In true Julie McCoy fashion, this girl makes sure I mix and mingle each and every day. Sick, grumpy, tired—no matter. I will be mixing it up with humanity at large, thanks to her.
In case you’ve not met Julie McCoy, aka Bailey, a brief history. And in case you don’t know who Julie McCoy is, she was a character on the popular US TV show in the 1970s and ‘80s, “The Love Boat”. She was the dimpled, cheery, all-American cruise director who fixed up lonely singles with their perfect match, helped the elderly discover new youth and bubbled her way through each episode. Never mind that it has since come to light that she developed a cocaine addiction while working on the show, which may have accounted for a teensy percentage of that bubbling. But I digress.
Back to Bailey. Who does not, I assure you, do cocaine. Ever. She knows that is against house rules.
Bailey is the dog we rescued a couple of Christmases ago. Since then, she has rescued my boys and me as much as we’ve rescued her. Truly. She came on the heels of my divorce and I feel closer to her than to some of my human friends. She gets me. And I get her. Neuroses and all.
I used to know my neighbors. Really. I’d see them at block parties and chat ever so briefly as I worked in the yard.
I thought I knew them.
Bailey changed that.
Now, I know so much more.
The “why” is simple. We cannot leave the house without being accosted by humanity in all forms. The cheeky little cuties next door, still in single digits, stop their baseball game to run over and hug Bailey. Delighted shouts of “Baiwee” ring through the air, as if she is some rock star come to town.
They tell her to sit and bring her sticks galore to chew. Proclamations of love, particularly from the female cutie in her tutu, abound. Bailey wags and acquiesces to their love, happy to be amongst tiny humans.
She drags me down the driveway of our older neighbors. It is an obligatory stop in which she checks their yard for fox scent, expects a butt scratch from Don, contemplates digging up Marilyn’s newly planted flowers. They smile and shower her with attention. She gives me the eye as if to say, “See? Peeps. Yep. I’ve got them.”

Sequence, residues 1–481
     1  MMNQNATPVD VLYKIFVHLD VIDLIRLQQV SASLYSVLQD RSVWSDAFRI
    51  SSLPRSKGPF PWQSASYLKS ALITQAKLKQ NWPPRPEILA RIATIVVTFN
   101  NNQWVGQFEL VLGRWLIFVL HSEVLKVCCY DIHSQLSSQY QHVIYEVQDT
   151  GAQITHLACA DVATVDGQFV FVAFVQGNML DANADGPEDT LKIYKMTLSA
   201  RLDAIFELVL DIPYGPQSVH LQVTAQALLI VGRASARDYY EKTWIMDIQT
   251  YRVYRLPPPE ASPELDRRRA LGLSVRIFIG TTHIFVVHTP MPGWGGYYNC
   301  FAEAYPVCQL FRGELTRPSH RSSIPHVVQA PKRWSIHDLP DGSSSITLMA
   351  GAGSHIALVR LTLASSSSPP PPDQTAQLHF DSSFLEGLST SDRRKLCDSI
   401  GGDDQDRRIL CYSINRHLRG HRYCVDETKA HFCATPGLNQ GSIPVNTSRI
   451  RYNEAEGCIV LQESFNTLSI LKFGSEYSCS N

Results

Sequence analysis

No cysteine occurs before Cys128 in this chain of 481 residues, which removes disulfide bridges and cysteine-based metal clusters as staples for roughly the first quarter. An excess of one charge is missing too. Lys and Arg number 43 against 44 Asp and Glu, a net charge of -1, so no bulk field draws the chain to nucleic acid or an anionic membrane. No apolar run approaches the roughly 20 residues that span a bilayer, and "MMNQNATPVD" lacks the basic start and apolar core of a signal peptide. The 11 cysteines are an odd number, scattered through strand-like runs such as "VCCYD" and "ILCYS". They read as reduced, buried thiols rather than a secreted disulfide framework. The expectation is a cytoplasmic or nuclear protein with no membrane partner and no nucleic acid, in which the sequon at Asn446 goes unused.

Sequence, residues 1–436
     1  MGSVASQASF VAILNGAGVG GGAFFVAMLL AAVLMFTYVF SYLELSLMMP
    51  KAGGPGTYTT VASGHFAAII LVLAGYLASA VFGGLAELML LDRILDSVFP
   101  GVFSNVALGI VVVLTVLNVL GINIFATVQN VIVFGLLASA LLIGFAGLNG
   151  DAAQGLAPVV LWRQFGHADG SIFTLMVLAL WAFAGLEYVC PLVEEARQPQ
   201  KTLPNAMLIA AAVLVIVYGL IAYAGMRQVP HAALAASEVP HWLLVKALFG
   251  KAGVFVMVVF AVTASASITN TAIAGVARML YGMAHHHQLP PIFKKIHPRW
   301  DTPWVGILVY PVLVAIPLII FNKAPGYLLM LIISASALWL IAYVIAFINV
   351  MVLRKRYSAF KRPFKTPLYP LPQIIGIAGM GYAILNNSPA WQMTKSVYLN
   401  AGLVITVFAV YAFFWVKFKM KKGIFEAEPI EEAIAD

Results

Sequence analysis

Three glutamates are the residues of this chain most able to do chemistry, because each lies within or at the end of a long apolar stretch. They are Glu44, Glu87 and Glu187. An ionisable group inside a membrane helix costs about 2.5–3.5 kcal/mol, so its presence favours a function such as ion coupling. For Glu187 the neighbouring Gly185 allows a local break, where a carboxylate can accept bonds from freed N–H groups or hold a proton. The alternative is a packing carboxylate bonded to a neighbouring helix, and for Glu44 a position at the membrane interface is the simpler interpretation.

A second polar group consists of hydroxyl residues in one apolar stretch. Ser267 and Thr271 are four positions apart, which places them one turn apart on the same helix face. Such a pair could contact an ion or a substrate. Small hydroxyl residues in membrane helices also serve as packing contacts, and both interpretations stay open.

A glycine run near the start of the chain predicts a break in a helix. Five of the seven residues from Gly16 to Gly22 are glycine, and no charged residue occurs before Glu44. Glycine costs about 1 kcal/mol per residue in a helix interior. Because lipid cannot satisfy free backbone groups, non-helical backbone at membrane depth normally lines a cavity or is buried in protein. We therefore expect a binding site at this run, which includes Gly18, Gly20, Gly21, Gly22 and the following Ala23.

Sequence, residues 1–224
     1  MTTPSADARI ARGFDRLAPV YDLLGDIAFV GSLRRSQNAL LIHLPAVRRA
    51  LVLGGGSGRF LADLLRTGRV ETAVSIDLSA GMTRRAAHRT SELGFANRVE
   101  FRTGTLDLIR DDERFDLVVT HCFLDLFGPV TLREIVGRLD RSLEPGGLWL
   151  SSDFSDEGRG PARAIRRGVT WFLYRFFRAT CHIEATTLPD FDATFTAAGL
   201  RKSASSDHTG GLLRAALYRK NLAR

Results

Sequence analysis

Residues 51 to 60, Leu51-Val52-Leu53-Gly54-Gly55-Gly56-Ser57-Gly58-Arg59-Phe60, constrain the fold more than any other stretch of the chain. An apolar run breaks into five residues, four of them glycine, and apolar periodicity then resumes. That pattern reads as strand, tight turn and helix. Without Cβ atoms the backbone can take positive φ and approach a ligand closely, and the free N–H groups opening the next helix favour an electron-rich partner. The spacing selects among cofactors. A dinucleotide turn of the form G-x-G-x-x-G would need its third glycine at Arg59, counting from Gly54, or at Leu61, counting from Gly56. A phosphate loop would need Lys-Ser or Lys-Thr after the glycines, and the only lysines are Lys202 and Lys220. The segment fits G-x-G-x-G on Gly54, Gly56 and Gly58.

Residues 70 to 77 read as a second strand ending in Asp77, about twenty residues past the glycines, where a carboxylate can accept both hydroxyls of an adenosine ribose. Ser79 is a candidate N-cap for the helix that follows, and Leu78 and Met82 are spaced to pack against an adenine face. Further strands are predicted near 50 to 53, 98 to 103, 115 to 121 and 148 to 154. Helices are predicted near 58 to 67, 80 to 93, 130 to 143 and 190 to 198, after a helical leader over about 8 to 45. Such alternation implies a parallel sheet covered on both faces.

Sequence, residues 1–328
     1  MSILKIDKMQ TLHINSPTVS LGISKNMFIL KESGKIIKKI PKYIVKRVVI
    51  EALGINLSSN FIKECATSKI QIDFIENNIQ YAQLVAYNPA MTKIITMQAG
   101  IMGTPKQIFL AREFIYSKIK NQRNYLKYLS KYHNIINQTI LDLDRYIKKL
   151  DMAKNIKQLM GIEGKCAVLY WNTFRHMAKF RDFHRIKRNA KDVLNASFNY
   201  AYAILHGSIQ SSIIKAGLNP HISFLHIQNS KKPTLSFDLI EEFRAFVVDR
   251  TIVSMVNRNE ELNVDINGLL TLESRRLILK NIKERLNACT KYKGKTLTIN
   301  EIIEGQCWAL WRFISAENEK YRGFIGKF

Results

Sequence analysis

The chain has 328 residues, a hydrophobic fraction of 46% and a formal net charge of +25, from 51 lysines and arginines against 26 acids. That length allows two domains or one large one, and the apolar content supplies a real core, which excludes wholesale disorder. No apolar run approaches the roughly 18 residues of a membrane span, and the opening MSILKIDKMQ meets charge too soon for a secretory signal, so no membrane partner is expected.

As we trot down the street, she gives some a full body wag, stopping to sniff and greet. It is then that I find out the fox had babies under a neighbor’s deck. That the house down the street sold. Who is in the hospital, whose grandkids are doing what, where the next vacation is planned.
At the end of our walk, I let her stay outside for a bit to cool down. It is then that her elderly buddy from next door sneaks her some treats. Every time the vet tells me she cannot gain more weight, I am stymied, given the healthy diet I feed her and the exercise she gets. But then I remember Wayne through the back window, feeding her at least half a dozen large milkbones. His dog died years ago and Bailey seems to fill a small hole in his heart. He is a softie, even though he’d rather no one know it.
And it is not just old friends we see. That was not enough for Ms. Bailey. We had to expand our horizons.
We’ve met new friends.
As Bailey befriended Eloise, the purebred a block over, I befriended her owner, Mary Ellen. Over coffee, Mary Ellen regaled me with tales of her time as a temp for Roone Arledge (who liked to call her “Girl” and showed her how to make his 4 p.m. white wine spritzer while shuffling around the office in his slippers). Her stories made me break into peals of laughter. She is Mary Tyler Moore without the TV show.
She told me of her long-distance marriage, her struggles with ageism in a youth-oriented marketing culture, her house in Cape Cod.
I just love seeing Mary Ellen. And would never have known her if not for Bailey’s unbridled enthusiasm.
Ed is Ginger’s owner. He and I exchange pleasantries about his travels, our lawns, his grandkids’ visits. He gives me a friendly honk of the horn whenever he drives by and I’m in the yard. Bailey and Ginger love to pounce and play while we talk. And I love to listen to Ed’s southern drawl. He and his wife are the type of people who will always have a glass of lemonade or sweet tea at the ready for a good convo on the porch.
I’ve met wonderful people at the vet, the boarder’s, and even turnpike rest stops. (That last one is kind of dicey but Bailey seems to be a good judge of character. Plus, she is fierce. No shady characters need apply. I mean, just look what she is doing to Darth Vader in the photo. “Can I eat him, Mom? Please?” She has us covered.)
I have always been a chatter, but Bailey has brought a richness to my life. I would not walk around the neighborhood without her prompting. And with the walking comes mingling.
I can see why lonely people get dogs. Not only is a dog company but your fellow human beings can’t resist puppy dog eyes, a wagging tail.
And sometimes they also cannot resist the very comforting, connecting human conversation that comes as a fringe benefit.
Courtesy of their furry cruise director.
We should all be so lucky.
This is Mrs. Baiwee, signing out for a walk around the neighborhood. There is work to be done, people.